If+the+World+Becomes+So+Bright


If the World Becomes so Bright
Keith Taylor
Wayne State University Press, 2009
Review by Jeremy Benson

Because If the World Becomes So Bright is a part of Wayne State University Press' Made in Michigan Series, I don't want to come right-out and say that this collection of poetry by Keith Taylor exemplifies Michigan; no, that might be too obvious.

But seriously: the only thing that would make this book more stereotypically Michigan is if Tim Allen were reading the poems during a 45-second radio spot.

Let me be the first to defend "stereotypically Michigan" as a compliment (unless of course it's coming from an Ohioan). Taylor's poems spend their days, from dawn to beyond dusk, out-of-doors, on bird watching trails, in backyard gardens, beside cabins on lakes that are somewhere "Up North." My first action, once I finished the book's final poem, was to change my shoes to sandals and my jeans to raggedy shorts; on the way out I grabbed my sunglasses and a bright orange life vest to throw in the back of the canoe, only to realize it was 10:39PM, and my canoe wasn't going anywhere.

Of course, If the World… is more universal than summertime in the Mitten. Like all great nature writers—Robert Bly, Wendell Berry, William Stafford, to name the males of the variety—Taylor's nature is a way in, a means to experience and engage other humans: wife, daughter, father, mentor, old friends. In "What's Needed Now," Taylor describes peony petals that have been knocked to the ground during a rainstorm, while "Christine and I / had taken a little break / to make some daylight love up- / stairs." Like rainwater on Michigan's clay soils, the movement, the epiphany, takes a moment to seep in. The storm explains their relationship—Taylor describes the metaphor like a Shakespearean moment:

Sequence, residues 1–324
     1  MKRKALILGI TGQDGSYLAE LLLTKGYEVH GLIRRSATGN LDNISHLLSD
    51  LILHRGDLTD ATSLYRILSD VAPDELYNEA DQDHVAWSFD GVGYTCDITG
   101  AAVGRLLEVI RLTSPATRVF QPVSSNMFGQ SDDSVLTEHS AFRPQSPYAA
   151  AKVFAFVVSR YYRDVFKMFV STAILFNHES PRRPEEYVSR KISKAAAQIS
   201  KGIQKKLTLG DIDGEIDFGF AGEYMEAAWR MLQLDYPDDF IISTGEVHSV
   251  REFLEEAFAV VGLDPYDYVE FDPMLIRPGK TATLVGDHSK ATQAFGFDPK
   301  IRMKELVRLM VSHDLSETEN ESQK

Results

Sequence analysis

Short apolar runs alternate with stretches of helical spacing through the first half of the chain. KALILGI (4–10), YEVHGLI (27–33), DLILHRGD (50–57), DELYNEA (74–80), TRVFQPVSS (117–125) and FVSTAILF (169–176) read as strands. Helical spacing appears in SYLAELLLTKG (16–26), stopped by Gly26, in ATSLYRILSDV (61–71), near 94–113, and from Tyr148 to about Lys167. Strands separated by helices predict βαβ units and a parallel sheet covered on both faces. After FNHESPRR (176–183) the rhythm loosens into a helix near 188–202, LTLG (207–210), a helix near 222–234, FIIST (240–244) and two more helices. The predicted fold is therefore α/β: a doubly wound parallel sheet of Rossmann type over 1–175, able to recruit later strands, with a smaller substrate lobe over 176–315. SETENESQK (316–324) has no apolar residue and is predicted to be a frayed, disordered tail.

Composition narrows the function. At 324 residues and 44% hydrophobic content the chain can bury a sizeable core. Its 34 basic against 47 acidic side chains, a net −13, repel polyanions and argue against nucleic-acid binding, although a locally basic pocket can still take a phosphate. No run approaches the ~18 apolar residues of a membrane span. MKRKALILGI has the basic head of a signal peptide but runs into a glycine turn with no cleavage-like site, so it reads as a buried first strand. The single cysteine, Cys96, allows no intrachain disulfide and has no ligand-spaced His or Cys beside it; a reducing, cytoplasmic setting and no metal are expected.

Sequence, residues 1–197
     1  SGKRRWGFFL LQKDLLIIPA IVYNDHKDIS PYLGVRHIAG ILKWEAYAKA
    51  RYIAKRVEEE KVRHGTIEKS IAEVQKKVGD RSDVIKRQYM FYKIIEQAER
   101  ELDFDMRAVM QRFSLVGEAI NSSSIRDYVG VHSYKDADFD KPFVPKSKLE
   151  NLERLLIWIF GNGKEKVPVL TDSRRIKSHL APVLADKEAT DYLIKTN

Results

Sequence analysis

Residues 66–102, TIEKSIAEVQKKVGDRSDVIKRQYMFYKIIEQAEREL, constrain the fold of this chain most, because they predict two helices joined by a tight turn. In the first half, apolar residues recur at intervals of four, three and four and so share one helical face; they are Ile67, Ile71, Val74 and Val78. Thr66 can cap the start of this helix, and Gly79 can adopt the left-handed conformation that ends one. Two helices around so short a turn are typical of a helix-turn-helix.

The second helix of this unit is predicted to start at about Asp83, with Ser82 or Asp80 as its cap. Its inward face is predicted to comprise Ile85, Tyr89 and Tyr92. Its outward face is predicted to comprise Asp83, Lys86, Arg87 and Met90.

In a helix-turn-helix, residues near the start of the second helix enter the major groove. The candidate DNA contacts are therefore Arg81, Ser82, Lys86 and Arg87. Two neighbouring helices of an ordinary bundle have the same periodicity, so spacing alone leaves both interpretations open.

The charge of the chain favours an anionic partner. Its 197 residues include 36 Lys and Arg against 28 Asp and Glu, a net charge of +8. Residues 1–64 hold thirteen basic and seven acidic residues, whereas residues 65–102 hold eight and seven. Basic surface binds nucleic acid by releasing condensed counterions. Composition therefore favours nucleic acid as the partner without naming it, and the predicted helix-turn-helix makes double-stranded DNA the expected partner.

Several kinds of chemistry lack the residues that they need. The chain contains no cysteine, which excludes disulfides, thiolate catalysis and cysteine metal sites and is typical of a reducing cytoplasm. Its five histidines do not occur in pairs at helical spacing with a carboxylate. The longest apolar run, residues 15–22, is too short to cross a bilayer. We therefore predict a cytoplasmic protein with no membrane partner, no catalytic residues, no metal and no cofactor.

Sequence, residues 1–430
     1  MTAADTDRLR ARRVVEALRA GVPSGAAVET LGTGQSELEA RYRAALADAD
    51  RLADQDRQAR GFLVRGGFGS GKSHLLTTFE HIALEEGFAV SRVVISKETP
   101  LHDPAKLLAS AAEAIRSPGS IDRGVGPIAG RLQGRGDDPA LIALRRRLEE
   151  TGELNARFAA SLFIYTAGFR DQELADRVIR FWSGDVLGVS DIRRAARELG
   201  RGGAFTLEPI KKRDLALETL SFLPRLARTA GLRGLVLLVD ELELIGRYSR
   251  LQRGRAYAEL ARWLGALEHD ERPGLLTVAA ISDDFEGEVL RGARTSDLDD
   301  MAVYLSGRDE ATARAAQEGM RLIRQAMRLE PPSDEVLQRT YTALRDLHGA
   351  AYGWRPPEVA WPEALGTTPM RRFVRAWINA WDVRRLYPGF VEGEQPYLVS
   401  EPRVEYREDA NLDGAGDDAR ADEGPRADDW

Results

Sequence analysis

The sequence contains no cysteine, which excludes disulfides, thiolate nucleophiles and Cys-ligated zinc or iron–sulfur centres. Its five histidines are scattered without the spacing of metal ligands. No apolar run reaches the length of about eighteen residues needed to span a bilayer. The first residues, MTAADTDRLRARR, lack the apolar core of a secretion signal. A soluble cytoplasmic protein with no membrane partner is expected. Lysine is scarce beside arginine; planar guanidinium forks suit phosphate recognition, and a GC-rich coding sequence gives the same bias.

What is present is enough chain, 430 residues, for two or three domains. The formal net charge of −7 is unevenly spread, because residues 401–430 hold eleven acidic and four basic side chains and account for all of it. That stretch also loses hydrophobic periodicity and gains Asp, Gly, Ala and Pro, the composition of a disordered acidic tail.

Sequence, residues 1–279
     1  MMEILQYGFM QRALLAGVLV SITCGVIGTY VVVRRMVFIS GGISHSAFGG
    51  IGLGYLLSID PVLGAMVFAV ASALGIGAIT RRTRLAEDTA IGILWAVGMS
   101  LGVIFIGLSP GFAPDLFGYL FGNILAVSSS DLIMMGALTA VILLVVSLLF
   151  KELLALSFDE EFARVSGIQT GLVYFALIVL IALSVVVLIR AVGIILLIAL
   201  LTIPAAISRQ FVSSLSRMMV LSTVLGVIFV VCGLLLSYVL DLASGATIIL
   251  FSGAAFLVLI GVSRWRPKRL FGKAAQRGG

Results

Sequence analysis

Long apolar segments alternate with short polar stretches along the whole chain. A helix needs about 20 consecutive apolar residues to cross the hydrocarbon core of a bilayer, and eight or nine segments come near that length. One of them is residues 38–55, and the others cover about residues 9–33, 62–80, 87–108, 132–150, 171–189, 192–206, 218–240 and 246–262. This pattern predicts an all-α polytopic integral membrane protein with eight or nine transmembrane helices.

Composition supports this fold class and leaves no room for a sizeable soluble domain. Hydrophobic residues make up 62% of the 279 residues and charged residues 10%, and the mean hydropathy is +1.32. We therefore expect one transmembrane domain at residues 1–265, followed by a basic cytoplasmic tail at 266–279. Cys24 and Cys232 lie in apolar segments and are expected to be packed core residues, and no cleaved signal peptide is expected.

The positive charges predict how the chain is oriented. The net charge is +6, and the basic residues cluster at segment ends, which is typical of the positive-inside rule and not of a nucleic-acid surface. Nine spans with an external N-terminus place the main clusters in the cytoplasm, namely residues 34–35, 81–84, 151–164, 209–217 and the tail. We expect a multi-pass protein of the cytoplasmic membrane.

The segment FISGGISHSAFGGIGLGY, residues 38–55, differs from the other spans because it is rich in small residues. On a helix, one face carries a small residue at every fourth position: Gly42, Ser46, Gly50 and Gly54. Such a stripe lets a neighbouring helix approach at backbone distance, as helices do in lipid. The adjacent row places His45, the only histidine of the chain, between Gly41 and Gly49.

when the outside world, parched and hot,

reflects the emotional

condition of the people

in the play. The heat’s gone now,

broken. The air's fresh and light.

A breeze rustles in the oak leaves.

Such a sigh should take a while to seep in.

The true treasure of the book, more than the flock of crows in "This Fall's Murder" or the handful of poems in the final section, "Dream of the Black Wolf: Notes from Isle Royale," is the book's introductory set, from which the collection takes its title. Each begins with the speculative "If…": "If I jumped…", "If I'd chosen / to live like my friend / Steve…", "If I touched the sap…" The geometric reasoning allows Taylor to reach back into time and peruse other possibilities. One might assume this process results in a lot of grave regret, but the form, instead, causes the poems to walk the line between introspection and entertainment. Contemplative, yes, but imaginative.

It's likely that I will keep If the World Becomes So Bright on my most accessible bookshelf, so I may take it out frequently, to share a poem with a friend when my own poetry begins to fail, or to share one with myself, after I've been stuck inside all day.

This year marks the 5th anniversary of the Made in Michigan Writers Series. Please visit the Wayne State University Press website for more information.

Poet and writer Keith Taylor coordinates the undergraduate program in creative writing at the University of Michigan and formerly managed Shaman Drum, a leading independent book store. He directs the Bear River Writer's Conference and works as an editorial consultant to Dzanc Books. He has published eleven volumes: collections of poetry and short fiction, edited volumes, and translations.

© Jeremy Benson, 2010